Brian Trew began his love with the music world at age 11 when he first picked up the viola in his middle school orchestra. Instantly hooked, he and his friends created an Irish folk group, Celtic Rogues, and were heavily influenced by Celtic groups such as The Chieftains, Altan, and The Clancy Brothers, as well as a healthy dose of country and southern rock. He continued to play viola and violin in the FAU orchestra, where he attended college, and had the good fortune of meeting Uproot Hootenanny his junior year. He’s been playing fiddle with the group ever since, and brings his Celtic style, along with Charlie Daniels, Gary Stewart and the Nitty Gritty Dirt Band influences, to the already unique sound of the Hoot band. So, what does this musician listen to when he’s not finessing the fiddle? You asked, he answered.

Billy Strings, “Running” from the Home album

This guy is incredible! His picking is mesmerizing and his band is taking over the bluegrass/jam band scene. This song is just straight, hard-driving bluegrass.

Tyler Childers, “Honky Tonk Flame” from the Purgatory album

I grew up on old country and Honky Tonk. My Uncle Billy played electric guitar every weekend in a little bar in Fort Pierce, and this song from Tyler Childers has that sound that I love so much. It’s really cool to hear a young guy have a fresh take on old country.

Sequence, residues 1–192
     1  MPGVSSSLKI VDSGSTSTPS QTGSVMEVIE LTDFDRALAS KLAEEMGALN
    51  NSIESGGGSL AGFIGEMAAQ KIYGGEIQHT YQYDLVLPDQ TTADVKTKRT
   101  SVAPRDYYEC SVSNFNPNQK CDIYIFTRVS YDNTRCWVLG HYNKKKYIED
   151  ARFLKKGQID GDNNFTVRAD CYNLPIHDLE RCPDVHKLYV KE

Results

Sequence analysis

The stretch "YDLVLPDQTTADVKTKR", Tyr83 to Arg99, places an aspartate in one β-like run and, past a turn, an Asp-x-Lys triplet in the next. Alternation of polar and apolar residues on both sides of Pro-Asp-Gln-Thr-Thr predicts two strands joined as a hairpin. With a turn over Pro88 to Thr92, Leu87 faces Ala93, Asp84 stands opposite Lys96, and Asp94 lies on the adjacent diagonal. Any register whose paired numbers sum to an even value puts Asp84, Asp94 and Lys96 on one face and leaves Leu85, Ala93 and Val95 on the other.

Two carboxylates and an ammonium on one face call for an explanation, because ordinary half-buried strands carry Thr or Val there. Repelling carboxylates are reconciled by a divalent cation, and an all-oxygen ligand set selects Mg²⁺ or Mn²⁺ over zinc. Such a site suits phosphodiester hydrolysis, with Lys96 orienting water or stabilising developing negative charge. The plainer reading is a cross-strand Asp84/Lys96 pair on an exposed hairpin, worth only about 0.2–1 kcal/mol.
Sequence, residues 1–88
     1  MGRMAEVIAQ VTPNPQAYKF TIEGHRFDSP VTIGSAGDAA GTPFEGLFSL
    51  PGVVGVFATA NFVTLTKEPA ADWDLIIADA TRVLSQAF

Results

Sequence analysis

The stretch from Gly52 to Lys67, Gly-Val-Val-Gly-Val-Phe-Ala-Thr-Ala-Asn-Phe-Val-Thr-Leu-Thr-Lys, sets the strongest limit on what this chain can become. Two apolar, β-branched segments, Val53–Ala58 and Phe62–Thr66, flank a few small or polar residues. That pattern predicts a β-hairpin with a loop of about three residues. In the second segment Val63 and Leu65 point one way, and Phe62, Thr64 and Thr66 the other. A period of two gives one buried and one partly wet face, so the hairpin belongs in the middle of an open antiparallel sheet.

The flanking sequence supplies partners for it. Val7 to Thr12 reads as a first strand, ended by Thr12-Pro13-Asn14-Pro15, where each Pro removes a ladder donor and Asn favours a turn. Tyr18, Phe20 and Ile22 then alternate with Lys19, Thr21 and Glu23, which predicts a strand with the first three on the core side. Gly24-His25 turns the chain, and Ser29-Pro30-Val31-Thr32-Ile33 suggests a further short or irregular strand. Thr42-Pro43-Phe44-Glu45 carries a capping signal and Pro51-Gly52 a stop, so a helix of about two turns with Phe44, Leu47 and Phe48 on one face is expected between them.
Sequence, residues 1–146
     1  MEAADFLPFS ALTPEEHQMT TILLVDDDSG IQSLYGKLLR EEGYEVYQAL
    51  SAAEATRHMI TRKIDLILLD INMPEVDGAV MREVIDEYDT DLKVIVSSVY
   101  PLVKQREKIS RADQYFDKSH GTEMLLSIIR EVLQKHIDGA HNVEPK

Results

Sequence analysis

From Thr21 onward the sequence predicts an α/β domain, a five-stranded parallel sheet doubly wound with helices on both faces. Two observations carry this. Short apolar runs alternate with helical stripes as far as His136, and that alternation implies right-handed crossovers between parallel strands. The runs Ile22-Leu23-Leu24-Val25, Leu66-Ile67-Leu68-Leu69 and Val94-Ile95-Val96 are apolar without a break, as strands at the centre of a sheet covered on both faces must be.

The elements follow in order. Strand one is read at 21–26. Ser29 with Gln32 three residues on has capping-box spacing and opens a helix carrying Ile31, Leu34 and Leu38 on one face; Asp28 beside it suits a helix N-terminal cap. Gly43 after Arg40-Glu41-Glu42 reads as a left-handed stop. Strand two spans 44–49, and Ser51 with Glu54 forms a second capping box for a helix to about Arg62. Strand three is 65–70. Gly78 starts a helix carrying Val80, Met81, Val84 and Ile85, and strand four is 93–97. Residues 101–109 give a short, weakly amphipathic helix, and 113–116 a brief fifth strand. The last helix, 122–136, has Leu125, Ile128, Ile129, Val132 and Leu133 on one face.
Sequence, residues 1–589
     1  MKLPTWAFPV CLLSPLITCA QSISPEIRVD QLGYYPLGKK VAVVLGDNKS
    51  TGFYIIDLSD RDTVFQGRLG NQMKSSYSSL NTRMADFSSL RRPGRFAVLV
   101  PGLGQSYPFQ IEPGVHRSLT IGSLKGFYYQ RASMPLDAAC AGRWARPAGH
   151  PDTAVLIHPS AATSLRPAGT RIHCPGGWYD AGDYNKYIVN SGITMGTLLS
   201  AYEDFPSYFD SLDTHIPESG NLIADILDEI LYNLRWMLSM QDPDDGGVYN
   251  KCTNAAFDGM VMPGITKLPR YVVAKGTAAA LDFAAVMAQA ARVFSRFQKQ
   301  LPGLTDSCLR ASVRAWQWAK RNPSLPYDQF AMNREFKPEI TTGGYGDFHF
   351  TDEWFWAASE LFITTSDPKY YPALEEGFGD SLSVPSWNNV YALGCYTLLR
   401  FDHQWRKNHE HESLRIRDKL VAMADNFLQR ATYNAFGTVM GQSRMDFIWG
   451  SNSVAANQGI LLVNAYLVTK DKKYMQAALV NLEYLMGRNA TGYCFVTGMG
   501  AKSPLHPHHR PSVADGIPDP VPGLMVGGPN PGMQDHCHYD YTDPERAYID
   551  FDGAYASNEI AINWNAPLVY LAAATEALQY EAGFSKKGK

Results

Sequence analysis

Town Mountain, “Lawdog” from the Leave The Bottle album

This is the Hootenanny’s go-to song when we all get in the van and head on tour. They have such a classic bluegrass sound. I can’t listen to it enough!

Jon Stickley Trio, “Rice Dream” from the Lost at Last album

This song showcases three brilliant musicians pushing the boundaries of acoustic music. They blend bluegrass, jazz, traditional and old-time seamlessly. Lyndsay Pruett’s fiddle style on this tune is so original and effortless. I’ve never heard anything like it.

Moxie, “Eyes on Pluto” from the Eyes on Pluto album

I had a chance to play a festival with these guys in Ireland this past September. I’ve always listened to traditional Irish music, and this tune from Moxie has shown what progression can do to tradition. They bring the craic (“fun”) on stage, and their performance was one of the highlights of the festival.

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